When I’ve been still for a while it hurts like hell to get moving again. So it’s tempting to stay still. But I know its just a downward spiral of further exhaustion and pain. Too much rest creates problems too.

Figuring out what to do and how much to do is a constant puzzle. I have to try and trust my experience of having gone through this before. Because a lot of the time there is no instant effect of anything I do. No relief, no sign that it is helpful. So it’s hard to stick with what is sensible and what I believe works. Daydreams of drug induced highs or oblivion starts coming along. Dealing with physical exhaustion is as much about looking after my thoughts and feelings as it is about looking after my body.

Death as life’s companion

We’ve just had our annual local death festival Pushing Up Daisies. A festival intended to encourage us to have more conversations about death, dying, bereavement, loss and grief and build a local community where we support each other as citizens and rely less on different professions to deal with death and dying for us.

I love that I live in place that has a festival like this.

When I was a toddler – probably 3 or 4 years old – I had an intense dream that has stayed with me and from which I have drawn different meanings at different times in my life.

I am walking in a small town with my mum. It is dusk, nearly dark and there is no one else around. I begin to hear the deep sounding beat of a drum. It is far away. Distant. A monotonous slow and steady beat that I can feel in my bones. And I feel scared. Something is coming. The beat comes closer too quickly and suddenly it’s upon us. A procession of skeletons – only I don’t know what they are, I’ve never seen skeletons. Walking dead, searching the streets, searching for us. And I know instinctively that we have to get away. So I get my mum to run with me, through the streets, along a railway track, away from the sound of the drums. But I can feel them chasing us now. Without rushing they are following us as if they know we have no where to go, no where to hide. My mum and I run to a mountain and we find some secret caves near the top. We can see the skeletons approaching. Slowly. Gracefully. We withdraw deeper into the mountain. And as my mum holds me I can hear the sound of the drumming surrounding the mountain and there is nothing but the beat.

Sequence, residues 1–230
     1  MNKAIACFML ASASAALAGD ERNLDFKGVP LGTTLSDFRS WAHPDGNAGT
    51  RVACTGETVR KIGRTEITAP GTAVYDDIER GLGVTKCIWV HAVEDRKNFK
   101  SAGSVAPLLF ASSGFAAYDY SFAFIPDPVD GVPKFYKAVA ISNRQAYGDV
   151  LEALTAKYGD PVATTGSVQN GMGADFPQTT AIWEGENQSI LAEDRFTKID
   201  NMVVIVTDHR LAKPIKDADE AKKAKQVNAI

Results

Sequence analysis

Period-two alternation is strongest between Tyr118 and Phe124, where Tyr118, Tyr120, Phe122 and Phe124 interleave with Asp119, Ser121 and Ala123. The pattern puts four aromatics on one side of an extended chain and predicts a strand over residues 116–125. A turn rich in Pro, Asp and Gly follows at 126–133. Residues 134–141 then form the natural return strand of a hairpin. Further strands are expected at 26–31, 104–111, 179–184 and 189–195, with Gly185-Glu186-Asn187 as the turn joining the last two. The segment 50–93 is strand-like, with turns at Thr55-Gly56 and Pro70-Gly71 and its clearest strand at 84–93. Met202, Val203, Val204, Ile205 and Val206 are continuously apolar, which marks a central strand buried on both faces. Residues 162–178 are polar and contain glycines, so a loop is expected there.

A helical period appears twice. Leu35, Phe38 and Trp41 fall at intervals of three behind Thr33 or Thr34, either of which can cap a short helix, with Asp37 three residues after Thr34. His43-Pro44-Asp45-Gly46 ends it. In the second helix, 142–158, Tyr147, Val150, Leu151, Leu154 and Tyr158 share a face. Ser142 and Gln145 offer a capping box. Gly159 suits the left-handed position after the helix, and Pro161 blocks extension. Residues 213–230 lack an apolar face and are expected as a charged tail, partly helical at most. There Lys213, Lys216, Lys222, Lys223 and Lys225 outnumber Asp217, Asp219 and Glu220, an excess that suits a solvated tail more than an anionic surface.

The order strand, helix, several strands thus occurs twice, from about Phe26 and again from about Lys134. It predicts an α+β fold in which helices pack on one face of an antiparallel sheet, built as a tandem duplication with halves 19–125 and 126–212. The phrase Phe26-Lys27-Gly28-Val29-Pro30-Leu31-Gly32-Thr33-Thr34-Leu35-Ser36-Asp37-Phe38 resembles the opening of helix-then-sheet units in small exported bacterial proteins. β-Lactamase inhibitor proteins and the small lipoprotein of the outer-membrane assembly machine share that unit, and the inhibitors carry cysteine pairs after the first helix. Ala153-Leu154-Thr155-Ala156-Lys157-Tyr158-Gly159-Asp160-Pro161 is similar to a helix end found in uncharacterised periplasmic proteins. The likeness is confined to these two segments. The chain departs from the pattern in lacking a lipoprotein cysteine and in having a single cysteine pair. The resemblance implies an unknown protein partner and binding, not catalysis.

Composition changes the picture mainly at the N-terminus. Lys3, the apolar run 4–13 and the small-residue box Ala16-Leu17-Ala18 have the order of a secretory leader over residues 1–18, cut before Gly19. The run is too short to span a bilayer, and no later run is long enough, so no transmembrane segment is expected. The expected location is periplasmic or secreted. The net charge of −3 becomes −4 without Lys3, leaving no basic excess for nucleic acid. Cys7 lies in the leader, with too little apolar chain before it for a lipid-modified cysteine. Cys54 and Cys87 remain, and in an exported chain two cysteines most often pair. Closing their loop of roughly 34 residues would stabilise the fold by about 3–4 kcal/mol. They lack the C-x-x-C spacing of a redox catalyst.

I still remember waking up terrified. Not for myself but scared that the skeletons were coming for my mum. I remember struggling to explain what I had dreamt. How significant it felt. And I remember how the dream stayed with me as a young child. Vivid and important.